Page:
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Good evening. Here’s the latest at the end of Wednesday.

1. Russia and Ukraine intensified their information war, presenting dueling narratives about the Mariupol steel plant where nearly 1,000 Ukrainian soldiers have surrendered.

Russia trumpeted the surrender as a victory over what it has falsely called Nazism. Ukrainians are awaiting results of secret negotiations over the captured soldiers, who have sent only cryptic messages saying they’re following orders. Some are members of the Azov Battalion, which has far-right origins; the Russian Supreme Court planned a hearing on whether to declare the group a “terrorist organization.”

Ukrainians saluted the soldiers as heroes but tried to focus attention on the trial of a young Russian soldier accused of killing a civilian. Broadcast on YouTube, his trial has symbolic resonance as an effort to hold Russia accountable on war crime accusations.

On the front lines, Ukrainian doctors are working around the clock in skeleton crews.

In diplomatic news, strongmen in Turkey and Hungary stalled unity in the E.U. and NATO.

3. The Buffalo shooting suspect revealed his planned massacre online.

About 30 minutes before the attack, Payton Gendron invited a group of people to join a Discord chatroom. Until that moment, the posts in the room had been visible only to him, including hand-drawn maps of the grocery store he openly said he planned to attack.

No one he invited seems to have alerted the police. Someone who encouraged an act of mass shooting might be criminally liable, but the bar for charges would be high.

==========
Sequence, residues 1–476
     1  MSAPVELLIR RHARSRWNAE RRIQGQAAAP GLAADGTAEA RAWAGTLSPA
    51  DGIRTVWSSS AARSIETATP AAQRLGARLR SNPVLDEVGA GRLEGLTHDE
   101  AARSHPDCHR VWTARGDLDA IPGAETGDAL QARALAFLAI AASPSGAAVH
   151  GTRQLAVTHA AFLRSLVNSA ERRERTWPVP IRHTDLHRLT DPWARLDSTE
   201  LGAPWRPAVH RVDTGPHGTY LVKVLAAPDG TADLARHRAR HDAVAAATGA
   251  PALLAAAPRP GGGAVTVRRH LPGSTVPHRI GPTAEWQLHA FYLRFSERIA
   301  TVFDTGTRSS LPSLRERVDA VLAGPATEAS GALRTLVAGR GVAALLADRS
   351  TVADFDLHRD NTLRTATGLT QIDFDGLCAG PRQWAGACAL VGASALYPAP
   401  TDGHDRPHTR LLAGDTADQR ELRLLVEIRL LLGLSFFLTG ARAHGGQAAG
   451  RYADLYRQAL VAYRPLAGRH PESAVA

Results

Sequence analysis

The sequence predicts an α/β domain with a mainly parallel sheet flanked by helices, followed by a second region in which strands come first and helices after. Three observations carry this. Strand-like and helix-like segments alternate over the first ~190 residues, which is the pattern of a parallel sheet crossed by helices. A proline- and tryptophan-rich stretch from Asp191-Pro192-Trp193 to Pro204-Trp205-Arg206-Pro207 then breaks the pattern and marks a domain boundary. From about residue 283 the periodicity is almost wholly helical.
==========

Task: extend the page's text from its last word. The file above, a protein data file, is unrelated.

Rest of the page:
New York’s governor, Kathy Hochul, said today she wanted to strengthen “red-flag” laws by ordering the State Police to seek emergency orders barring weapon possession by people believed to be a threat to themselves or others.


4. A study of private health insurance claims found that even people with mild Covid can experience ongoing, debilitating symptoms known as long Covid.

Of 78,252 patients diagnosed with long Covid symptoms, 76 percent were not sickened enough by the initial infection to require hospitalization. Nearly a third had no pre-existing conditions. Almost all were under 65.

Long Covid seems to affect 10 to 30 percent of adults who had the virus. The researchers had planned to continue tracking patients to see how long their symptoms last but decided to publish data from the first four months now, “given the urgency” of the issue.

In North Korea, Kim Jong-un said his country should emulate China in dealing with a Covid outbreak — but Pyongyang doesn’t have the resources to sustain a “zero Covid” policy.

In the U.S., officials said a third of Americans live in areas where the risk of infection is now so high that they should consider masking up indoors.


5. Treasury Secretary Janet Yellen warned, at a Group of 7 meeting this week, of global “stagflationary effects.”

Speaking in Bonn, Germany, Yellen suggested that the U.S. is prepared to withstand turbulence, given a strong labor market and healthy household finances. Europe, she warned, is more vulnerable, in part because of Russian energy dependence. She’s expected to press at G7 for continued Russian sanctions and has signaled that the pressure will intensify, as Russia’s future as a top energy exporter is in doubt.